Issue Date: May 11, 2009
ALTHOUGH the global biotechnology industry fared well in 2008, the recession is likely to spark consolidation in the year ahead as traditional sources of public funding go into long-term decline.
Thus states Ernst & Young's annual report on the industry. The consulting firm found that revenues of publicly traded biotech firms grew 12% to $90 billion in 2008. The global industry's net loss shrank from $3.0 billion in 2007 to $1.4 billion last year, and the U.S. industry reached aggregate profitability for the first time.
Capital raised by publicly traded firms in the U.S. and Europe declined by 46%, however, to $16 billion in 2008. Funding for initial public offerings fell 95% to $116 million; other forms of public funding also dropped off almost entirely. Venture capital funding, on the other hand, remained relatively strong last year, falling only 19% from 2007's all-time record of $6 billion.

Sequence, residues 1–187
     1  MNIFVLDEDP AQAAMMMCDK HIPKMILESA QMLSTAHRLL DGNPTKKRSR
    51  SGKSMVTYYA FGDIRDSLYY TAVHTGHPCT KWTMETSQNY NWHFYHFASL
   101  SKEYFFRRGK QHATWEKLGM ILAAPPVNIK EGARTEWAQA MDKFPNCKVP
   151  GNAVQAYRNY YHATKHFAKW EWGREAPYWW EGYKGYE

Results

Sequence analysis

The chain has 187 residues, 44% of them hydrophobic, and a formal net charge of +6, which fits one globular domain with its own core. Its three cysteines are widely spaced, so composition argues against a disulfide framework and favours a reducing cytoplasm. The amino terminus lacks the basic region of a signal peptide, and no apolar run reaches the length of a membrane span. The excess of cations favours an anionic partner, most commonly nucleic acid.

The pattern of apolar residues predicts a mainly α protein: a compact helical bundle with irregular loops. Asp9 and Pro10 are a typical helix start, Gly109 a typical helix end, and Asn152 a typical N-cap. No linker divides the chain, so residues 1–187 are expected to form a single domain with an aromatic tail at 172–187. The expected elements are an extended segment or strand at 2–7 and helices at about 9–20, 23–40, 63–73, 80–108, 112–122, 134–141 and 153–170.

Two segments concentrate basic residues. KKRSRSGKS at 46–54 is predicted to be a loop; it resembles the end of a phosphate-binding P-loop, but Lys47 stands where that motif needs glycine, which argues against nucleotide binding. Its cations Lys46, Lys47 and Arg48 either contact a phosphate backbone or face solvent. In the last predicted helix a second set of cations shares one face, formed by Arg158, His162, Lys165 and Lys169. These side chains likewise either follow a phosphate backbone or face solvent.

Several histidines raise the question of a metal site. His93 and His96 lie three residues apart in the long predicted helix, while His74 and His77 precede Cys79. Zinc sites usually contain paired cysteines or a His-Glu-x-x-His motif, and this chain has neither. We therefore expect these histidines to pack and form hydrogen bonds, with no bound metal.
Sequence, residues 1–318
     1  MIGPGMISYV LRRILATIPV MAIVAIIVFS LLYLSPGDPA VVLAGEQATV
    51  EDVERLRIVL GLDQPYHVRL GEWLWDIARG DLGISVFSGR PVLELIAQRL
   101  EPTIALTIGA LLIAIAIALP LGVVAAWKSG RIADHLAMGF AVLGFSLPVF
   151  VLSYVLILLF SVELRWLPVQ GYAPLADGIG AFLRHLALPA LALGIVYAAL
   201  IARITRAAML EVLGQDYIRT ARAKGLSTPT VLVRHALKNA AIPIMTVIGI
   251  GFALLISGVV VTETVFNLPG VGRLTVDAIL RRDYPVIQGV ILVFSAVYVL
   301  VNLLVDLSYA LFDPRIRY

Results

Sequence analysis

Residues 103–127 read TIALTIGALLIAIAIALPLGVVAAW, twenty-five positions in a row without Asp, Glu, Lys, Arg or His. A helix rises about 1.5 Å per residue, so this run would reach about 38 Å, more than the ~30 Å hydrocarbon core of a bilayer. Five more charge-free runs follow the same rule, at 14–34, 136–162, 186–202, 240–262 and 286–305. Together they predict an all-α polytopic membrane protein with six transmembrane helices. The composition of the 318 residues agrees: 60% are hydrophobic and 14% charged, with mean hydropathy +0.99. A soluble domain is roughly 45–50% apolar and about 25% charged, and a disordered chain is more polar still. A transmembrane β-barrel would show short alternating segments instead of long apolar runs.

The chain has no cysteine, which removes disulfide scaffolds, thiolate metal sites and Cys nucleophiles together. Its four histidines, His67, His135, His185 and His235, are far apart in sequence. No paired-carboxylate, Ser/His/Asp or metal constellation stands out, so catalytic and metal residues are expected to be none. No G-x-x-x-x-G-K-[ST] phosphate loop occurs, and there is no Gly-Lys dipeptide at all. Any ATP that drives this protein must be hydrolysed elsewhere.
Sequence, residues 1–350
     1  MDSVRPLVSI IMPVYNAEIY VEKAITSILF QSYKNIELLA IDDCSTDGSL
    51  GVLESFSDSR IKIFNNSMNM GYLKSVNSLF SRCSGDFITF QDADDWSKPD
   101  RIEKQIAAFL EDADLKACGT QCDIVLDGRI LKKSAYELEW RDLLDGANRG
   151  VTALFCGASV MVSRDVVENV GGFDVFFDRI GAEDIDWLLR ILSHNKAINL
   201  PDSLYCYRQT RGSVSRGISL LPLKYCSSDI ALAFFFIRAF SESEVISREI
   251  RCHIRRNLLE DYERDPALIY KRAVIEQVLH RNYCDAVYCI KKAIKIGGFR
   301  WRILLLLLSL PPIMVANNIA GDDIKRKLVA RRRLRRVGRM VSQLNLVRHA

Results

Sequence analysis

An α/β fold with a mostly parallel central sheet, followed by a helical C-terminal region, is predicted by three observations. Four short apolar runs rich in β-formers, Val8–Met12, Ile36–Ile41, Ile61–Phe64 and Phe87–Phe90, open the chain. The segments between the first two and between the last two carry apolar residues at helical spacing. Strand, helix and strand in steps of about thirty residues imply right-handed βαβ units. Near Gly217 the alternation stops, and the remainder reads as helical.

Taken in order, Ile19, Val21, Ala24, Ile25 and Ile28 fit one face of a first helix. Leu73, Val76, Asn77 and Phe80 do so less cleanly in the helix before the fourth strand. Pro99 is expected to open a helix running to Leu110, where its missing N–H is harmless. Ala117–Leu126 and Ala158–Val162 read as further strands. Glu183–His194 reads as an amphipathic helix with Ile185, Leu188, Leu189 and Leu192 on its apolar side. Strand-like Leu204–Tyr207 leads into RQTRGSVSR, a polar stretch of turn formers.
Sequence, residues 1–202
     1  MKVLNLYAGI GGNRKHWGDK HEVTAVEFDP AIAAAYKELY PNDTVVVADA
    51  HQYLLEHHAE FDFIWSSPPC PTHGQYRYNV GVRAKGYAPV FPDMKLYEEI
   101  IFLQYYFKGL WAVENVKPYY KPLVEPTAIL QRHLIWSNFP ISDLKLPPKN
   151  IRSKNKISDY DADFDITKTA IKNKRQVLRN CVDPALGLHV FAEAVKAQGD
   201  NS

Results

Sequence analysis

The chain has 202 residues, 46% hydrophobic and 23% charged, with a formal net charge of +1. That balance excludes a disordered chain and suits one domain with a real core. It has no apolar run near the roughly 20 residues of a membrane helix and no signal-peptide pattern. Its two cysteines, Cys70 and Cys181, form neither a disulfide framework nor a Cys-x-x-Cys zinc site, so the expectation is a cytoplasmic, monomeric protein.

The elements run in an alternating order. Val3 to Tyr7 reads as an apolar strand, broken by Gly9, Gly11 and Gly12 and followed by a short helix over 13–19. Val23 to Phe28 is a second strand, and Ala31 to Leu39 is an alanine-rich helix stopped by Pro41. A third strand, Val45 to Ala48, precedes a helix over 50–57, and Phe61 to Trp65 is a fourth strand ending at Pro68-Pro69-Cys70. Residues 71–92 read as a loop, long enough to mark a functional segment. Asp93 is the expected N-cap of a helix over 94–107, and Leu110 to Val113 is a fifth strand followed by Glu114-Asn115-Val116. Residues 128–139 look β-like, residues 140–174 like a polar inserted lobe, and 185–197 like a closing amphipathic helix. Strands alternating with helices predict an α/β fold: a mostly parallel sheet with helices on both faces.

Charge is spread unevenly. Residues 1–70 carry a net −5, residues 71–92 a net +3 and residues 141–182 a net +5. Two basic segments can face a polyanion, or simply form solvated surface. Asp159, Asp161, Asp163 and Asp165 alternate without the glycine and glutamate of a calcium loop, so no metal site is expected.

Glen T. Giovannetti, who coauthored the report, says Ernst & Young uncovered a spike in the number of companies that have less than a year's worth of capital on hand. This is a concern, he says, given the difficulty these firms will now have in raising capital through the usual venues.
The annual report has consistently found 20–25% of public biotech companies with less than a year's worth of capital on hand, but Ernst & Young counted 44% of them in this position in 2008. Giovannetti estimates that that number has since risen to more than 50% and that the sector could shrink by as much as a quarter during the downturn.
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